Even for professional businessmen and women, public speaking can be challenging, whether speaking in front of 10 people at a board meeting or 1,000 people at a seminar. Public speaking is one of the most common fears, and it comes in all shapes and sizes. However, there are ways to overcome this fear and master public speaking.
It is crucial for anyone who wants to advance their career to become comfortable speaking in public because it opens up doors that would otherwise remain shut. So how do you master public speaking? Especially if you have an anxiety of some kind or a deep-seated fear of speaking in public.
We asked Chris de Diego to explain how he overcame his obstacles and became a professional public speaker. Chris de Diego is an entrepreneur who has built his brand around public speaking, NFTs and investing. He has given countless speeches presentations and has spoken in front of some of the most prominent audiences in the world.
Chris de Diego: No, not in my opinion, at least. I’ve learned through experience that when you do this, you tend to read it as a script.
Whether you’re reading it or not, your brain will simply read it from memory, which will be very obvious to the audience. It also locks you within the walls of the script you wrote.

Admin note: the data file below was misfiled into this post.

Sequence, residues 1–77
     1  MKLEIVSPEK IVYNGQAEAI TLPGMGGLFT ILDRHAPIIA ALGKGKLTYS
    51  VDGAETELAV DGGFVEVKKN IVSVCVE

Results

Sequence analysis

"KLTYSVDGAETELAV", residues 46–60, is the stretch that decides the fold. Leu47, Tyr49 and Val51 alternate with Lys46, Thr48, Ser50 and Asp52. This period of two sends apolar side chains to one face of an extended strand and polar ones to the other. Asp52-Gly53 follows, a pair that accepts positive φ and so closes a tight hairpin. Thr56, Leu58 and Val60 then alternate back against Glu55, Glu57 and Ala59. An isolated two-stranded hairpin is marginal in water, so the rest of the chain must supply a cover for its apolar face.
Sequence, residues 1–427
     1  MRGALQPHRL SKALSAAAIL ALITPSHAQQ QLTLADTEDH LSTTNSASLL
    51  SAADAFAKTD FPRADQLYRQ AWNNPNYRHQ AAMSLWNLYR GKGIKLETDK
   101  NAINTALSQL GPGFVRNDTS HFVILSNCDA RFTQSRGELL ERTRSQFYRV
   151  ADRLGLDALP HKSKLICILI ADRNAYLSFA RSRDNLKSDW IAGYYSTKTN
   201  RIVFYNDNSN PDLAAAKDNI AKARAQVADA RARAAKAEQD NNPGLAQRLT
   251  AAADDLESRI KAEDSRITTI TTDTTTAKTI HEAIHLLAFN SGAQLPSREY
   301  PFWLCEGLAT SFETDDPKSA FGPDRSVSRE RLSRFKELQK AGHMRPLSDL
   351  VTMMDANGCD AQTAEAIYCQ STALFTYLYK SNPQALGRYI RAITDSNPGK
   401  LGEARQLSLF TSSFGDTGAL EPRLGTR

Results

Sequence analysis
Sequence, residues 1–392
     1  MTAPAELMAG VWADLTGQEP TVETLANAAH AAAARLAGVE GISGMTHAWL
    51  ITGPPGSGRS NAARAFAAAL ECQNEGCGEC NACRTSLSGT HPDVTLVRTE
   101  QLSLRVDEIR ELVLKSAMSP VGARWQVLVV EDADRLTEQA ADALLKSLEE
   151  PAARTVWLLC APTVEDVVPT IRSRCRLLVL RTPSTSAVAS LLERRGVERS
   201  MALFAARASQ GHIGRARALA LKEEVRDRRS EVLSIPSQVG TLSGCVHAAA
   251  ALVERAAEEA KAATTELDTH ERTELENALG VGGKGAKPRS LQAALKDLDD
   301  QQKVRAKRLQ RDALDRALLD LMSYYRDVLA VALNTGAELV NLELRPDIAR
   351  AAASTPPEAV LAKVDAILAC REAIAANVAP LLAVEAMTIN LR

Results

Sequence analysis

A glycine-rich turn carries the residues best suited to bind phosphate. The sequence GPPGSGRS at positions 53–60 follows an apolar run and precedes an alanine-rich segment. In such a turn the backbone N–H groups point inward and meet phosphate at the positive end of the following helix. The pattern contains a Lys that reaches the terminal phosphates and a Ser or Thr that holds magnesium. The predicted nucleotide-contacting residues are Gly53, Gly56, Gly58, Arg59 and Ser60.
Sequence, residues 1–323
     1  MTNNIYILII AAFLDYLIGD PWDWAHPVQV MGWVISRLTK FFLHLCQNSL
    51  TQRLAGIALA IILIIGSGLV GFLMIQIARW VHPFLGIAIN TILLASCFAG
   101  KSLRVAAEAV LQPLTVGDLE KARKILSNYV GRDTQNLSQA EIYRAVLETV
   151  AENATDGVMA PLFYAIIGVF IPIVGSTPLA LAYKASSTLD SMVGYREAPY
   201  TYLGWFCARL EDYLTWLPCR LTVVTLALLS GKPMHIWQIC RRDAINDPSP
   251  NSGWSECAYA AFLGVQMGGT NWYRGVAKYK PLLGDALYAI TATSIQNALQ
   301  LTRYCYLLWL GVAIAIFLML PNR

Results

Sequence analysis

So I much prefer the bullet point method, where you can play on the crowd’s energy.
Chris de Diego: Yeah, notecards are fantastic, to be honest. Some people do not believe in taking the notecards with you, but honestly, I don’t think anyone in the audience will care.
Sometimes it even makes you seem more important or professional. They’re especially helpful for longer presentations or speeches. Even with notecards, though, you need to practice practice practice until you have your speech down and know what you’ll say for each point.
How many times should someone practice their speech? Should they go over it right before they actually deliver it?
Chris de Diego: Practice as many times as you can. I believe in a particular system. Practice the speech a few times in a row, then take a little break. Maybe an hour, perhaps a day, depending on how long you have.
Let the speech digest in your brain. Then repeat and practice again. I’d get your practicing in long before the actual speech but quickly run through it one last time beforehand.
Chris de Diego: Yeah, be confident and persuasive. That’s what everyone will tell you, of course, but that’s all there is. Believe in what you’re saying. That’s why we practice beforehand so that we don’t second guess what we’re saying the whole time.
Practice until you’re a professional at that particular speech, and then delivering it will be second nature for at least a few weeks.
Chris de Diego: Fun is very important. How much fun entirely depends on your audience. But everyone loves fun, from CEOs to college kids.
So have fun during your speech, crack some jokes, tell some stories. It will make your speech more engaging, and you will feel more comfortable as well. I mean, who doesn’t love telling stories and making people laugh?
Follow Chris de Diego on Twitter @ChrisdeDiego for more tips on becoming a better public speaker.